Because young adult, Latina/o immigrants encompass a rapidly growing minority group in the U.S., there is need for empirical literature focusing on their mental health and the ways in which it relates with identity and culture. The primary aim of the present study was to examine the relations among dimensions of marianismo beliefs and indices of acculturative stress as moderated by ethnic identity commitment among recent Latina young adult immigrants.
The sample consisted of 530 Latina women in Miami, Florida (time in US: M = 11.5 months; SD = 9.94; Ages: 18–23 years ( M = 20.82, SD = 1.88). Measures included the Marianismo Beliefs Scale (MBS; Castillo et al., 2010), the Multigroup Ethnic Identity Measure (MEIM; Phinney, 1992), the Revised Acculturative Stress Scale Total Scale (SAFE-R; Mena et al., 1987), the Revised Hispanic Stress Inventory Frequency and Appraisal Scales (HSI-R; Cervantes et al., 2012), and the Caetano Acculturation Stress Total Scale (Caetano et al., 2007).
Four hierarchical multiple regression analyses were performed- one for each indicator of acculturative stress. The overall set of predictors was significantly related to acculturative stress when controlling for covariates and accounted for 41.6%, 7.5%, 24.5%, and 43.3% of the variability in SAFE-R, Caetano Acculturation Stress Scale, and HSI-R Frequency and Appraisal Subscale scores, respectively.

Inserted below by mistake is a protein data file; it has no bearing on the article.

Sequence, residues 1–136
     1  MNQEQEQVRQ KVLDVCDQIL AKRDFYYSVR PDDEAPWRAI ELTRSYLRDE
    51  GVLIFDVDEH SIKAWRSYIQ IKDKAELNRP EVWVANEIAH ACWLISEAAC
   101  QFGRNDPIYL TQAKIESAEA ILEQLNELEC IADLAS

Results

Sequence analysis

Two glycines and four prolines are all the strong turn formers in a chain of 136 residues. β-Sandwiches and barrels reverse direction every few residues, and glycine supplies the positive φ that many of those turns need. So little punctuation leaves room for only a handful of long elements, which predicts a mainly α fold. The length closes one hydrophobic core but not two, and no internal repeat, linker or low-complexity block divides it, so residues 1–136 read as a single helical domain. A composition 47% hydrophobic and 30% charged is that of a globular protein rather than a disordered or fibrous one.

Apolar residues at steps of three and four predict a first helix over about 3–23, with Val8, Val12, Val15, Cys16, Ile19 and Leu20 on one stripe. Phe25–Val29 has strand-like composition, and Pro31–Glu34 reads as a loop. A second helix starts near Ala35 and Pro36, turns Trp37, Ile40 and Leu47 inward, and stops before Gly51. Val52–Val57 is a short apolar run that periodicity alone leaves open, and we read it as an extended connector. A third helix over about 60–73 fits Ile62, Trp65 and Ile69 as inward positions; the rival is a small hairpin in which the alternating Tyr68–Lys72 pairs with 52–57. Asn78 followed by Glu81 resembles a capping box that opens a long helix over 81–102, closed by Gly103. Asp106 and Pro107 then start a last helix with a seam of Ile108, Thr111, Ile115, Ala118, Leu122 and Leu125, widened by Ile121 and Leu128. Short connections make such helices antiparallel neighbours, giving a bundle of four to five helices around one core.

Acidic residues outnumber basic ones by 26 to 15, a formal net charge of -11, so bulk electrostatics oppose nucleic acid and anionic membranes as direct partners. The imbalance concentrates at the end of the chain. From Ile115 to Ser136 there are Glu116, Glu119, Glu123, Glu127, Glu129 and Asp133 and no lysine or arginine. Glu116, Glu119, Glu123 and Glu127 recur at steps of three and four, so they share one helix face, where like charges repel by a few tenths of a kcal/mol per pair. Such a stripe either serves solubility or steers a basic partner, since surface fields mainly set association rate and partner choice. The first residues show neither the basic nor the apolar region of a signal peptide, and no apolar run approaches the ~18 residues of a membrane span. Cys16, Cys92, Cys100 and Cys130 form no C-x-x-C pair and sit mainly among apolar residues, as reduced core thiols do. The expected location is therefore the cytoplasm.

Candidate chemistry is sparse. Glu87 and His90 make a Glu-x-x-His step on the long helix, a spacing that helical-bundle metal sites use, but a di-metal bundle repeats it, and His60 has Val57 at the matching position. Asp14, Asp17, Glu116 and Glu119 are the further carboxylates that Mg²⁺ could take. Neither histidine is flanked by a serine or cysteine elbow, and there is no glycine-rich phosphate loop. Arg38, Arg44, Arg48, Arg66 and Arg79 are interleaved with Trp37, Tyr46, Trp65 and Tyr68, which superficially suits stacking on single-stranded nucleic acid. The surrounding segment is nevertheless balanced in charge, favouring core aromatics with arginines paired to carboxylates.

For this sample, endorsing more family pillar marianismo beliefs was correlated with higher levels of acculturative stress on most indices. Endorsing more subordinate/silencing self marianismo beliefs was linked to lower levels of acculturative stress on all indices. Endorsing more spiritual pillar marianismo beliefs was correlated with lower levels of acculturative stress on one indicator. Endorsement of higher levels of ethnic identity commitment corresponded to higher levels of acculturative stress on most indices.
Participants who endorsed less subordinate/silencing self marianismo beliefs reported more acculturative stress on most indices, especially when they reported stronger commitment to their ethnic identity. Higher levels of ethnic identity commitment served as a protective factor against acculturative stress for participants who endorsed less family pillar marianismo beliefs and acted as a risk factor for those who endorsed more family pillar marianismo beliefs.
Clinical and research implications are discussed.
|Advisor:||Dillon, Frank R., Pieterse, Alex L.|
|Commitee:||Ramos, Blanca M.|
|School:||State University of New York at Albany|
|School Location:||United States -- New York|
|Source:||DAI-B 79/10(E), Dissertation Abstracts International|
|Subjects:||Womens studies, Latin American Studies, Counseling Psychology|
|Keywords:||Acculturative stress, Ethnic identity commitment, Latina immigrants, Marianismo|
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